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5:58 AM Mon, Dec. 17th

The budget deficit: How much are you willing to pay?

Everyone is talking about President Bush's State of the Union Address and the Democrats' response. Political pundits and news stations across the nation are interviewing senators and congressmen, former presidents, political science professors and other bigwigs for their opinions.

There's nothing new about this. It's the typical media response to the State of the Union address.

But I guess what disappoints me most is that I haven't heard a political pundit, a news anchor or a reporter ask, "How are we going to pay for all this without raising taxes?"

I haven't heard anyone question what exactly the president had in mind for his five-year plan to balance the budget. Or how long that plan is going continue once he is out of office.

Although the president claims that the government is three years ahead of schedule on balancing the budget, that's something I find hard to believe with the continuing drain of funds for the war in Iraq and the president's request for more troops and equipment for the region.

I've heard pundits and senators pick apart the success of the president's "No Child Left Behind" bill, his plans for Social Security and health care. But no one has raised the issue of how we are supposed to pay for these items without raising taxes.

My generation is currently paying and will be paying for the Social Security and Medicare/Medicaid of the Baby Boomer generation. I have no problem supporting my parents. After all, they supported me for more than 20 years of my life.

But what happens when I want to retire. What happens if I need disability? There will also be money coming into the Social Security fund from the next generation, but will it be enough to provide the benefits and services my generation needs?

Also, my generation and the one preceding mine are much smaller in population than the Baby Boomers. How are we supposed to provide the services this generation needs without raising taxes?

Many people are already paying for medical care and services for their elderly parents that Social Security and Medicare/Medicaid don't cover. That trend is expected to continue. How are American's supposed to afford paying higher taxes, care for their aging parents and children and pay for college?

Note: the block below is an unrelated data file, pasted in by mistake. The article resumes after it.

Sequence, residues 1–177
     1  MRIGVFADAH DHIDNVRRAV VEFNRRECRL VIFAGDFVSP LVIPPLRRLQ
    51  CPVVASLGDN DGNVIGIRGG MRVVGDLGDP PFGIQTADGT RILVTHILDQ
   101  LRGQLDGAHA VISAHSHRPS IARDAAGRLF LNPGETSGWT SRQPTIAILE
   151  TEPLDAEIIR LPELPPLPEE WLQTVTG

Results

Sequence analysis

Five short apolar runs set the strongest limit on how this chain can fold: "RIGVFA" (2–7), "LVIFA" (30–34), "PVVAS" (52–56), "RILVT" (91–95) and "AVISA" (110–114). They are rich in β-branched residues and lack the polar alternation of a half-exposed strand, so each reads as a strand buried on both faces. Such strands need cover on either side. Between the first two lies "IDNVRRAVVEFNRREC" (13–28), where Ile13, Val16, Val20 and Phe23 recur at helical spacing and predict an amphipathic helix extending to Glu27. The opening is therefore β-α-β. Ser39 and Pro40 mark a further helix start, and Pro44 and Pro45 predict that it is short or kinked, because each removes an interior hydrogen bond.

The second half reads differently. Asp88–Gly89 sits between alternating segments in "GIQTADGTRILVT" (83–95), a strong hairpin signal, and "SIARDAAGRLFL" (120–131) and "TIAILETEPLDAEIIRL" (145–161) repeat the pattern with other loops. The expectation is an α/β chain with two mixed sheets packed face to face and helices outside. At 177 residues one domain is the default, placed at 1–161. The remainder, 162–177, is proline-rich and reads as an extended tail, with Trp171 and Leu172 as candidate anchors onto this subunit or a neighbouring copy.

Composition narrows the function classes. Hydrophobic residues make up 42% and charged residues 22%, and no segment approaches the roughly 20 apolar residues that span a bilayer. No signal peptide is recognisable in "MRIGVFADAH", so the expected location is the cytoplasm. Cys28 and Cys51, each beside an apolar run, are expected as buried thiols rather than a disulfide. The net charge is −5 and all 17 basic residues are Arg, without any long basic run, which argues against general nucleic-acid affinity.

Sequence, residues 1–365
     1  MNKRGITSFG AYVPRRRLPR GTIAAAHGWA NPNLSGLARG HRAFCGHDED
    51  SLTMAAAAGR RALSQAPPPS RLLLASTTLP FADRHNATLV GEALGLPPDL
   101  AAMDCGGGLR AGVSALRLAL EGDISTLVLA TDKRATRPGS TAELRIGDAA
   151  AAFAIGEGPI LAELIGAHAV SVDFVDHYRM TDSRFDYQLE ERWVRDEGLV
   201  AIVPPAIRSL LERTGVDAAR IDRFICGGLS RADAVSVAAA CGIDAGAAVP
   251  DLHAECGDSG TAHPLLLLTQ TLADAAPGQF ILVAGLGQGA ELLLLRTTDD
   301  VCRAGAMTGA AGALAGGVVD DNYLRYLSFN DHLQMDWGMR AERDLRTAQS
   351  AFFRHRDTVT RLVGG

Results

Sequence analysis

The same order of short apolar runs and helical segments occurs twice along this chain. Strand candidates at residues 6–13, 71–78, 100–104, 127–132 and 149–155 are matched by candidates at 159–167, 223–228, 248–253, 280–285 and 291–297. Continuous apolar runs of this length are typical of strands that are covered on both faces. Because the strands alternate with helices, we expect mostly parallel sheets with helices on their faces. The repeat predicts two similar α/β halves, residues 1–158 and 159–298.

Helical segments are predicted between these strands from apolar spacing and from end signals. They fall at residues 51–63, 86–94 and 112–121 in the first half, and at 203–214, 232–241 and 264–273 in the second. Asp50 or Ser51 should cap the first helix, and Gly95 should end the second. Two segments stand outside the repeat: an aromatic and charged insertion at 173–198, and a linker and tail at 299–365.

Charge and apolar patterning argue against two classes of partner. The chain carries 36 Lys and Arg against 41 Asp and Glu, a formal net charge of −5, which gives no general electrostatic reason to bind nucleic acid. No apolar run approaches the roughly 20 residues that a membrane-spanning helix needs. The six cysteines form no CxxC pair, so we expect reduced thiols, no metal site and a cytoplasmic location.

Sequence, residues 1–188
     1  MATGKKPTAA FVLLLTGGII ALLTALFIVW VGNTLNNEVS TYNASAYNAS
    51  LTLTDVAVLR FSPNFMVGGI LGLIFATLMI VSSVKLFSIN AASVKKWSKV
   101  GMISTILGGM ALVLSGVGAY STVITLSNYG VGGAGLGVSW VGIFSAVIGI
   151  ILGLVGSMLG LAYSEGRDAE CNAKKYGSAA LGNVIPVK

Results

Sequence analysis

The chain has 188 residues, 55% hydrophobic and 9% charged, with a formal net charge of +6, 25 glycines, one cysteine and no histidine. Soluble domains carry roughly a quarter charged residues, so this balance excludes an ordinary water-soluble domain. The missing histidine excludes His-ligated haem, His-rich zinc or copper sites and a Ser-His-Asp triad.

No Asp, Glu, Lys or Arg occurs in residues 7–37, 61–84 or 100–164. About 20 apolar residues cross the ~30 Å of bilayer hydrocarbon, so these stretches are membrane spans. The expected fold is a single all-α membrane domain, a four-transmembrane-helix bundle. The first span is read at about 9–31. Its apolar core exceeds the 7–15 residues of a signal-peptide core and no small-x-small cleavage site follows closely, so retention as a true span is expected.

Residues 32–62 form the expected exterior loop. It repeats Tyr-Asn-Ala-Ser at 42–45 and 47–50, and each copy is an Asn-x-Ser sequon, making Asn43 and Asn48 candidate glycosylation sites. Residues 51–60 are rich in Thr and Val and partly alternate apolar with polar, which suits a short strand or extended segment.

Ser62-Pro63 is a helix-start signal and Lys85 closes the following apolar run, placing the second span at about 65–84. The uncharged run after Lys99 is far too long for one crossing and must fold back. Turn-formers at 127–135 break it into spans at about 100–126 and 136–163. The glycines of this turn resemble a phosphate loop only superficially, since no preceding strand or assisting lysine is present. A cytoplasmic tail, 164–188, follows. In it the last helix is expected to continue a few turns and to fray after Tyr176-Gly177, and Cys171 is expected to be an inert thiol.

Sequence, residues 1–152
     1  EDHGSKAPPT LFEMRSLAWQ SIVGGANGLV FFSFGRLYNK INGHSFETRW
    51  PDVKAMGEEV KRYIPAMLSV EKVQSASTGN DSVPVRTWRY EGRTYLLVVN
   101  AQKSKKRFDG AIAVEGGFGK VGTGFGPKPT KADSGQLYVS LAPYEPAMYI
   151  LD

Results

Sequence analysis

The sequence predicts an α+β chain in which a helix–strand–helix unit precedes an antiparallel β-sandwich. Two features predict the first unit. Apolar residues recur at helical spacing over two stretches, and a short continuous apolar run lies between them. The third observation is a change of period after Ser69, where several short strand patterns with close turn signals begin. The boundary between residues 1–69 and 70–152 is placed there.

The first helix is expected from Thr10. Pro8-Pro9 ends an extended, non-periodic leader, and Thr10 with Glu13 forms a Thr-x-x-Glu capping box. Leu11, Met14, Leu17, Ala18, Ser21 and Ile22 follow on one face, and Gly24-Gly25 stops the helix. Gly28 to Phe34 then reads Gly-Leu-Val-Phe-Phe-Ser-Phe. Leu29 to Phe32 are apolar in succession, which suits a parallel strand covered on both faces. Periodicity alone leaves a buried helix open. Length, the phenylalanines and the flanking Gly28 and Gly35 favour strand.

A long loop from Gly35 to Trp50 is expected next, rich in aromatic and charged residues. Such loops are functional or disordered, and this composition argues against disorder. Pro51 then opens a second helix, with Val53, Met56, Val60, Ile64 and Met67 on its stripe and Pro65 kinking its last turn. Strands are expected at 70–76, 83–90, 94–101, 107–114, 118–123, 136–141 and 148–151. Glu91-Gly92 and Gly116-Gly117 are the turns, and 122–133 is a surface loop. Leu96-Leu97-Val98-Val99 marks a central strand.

I have to agree with the pundits on the president's plan for health care for the nation. The president wants to give tax breaks to working singles and families so that they can buy their own health insurance. I seriously doubt his plan would put the cost of private health insurance within the reach of regular people.

I can guess what will happen to many people if the plan goes into effect. People who don't make enough to pay income tax or pay very little income tax would not get a tax break or wouldn't get enough of a tax break to afford insurance. On the other hand, they would be making enough money to not qualify for Medicaid.

I seriously doubt health insurance companies are about to take the risk of offering low cost health plans for people who are at a higher risk of needing care. Most of those people are lower income families, the poor, the disabled and the elderly.

The president also spoke about improvements in controlling immigration and energy consumption in the U.S.

He wants to create a guest worker program for immigrants to curb illegal immigration. He also wants to create better ways for employers to check the immigration status of workers before they hire them.

But how are we going to pay for all this? I seriously doubt that immigrant workers have the funds or are willing to pay for a guest worker program. And I doubt that businesses are willing to pay for better programs to check immigration status. We could raise the fines for hiring illegal immigrants, but haven't we already tried that?

How are we supposed to fight the War on Terror and the war in Iraq without paying for equipment and troops?

I guess the bottom line of this column is the bottom line. How do we pay for all this without higher taxes?

I can think of one way the president can get out of raising taxes. The same way he got out of paying for his "No Child Left Behind" bill - create state mandates and force the states to pay for the programs. The states in turn will pass the buck down to the county government, who will pass it in turn to the local governments. The bottom line is the American people still end up paying for these programs one way or another.

The question the American people have to ask themselves and their representatives is, do we think these programs are worth the support?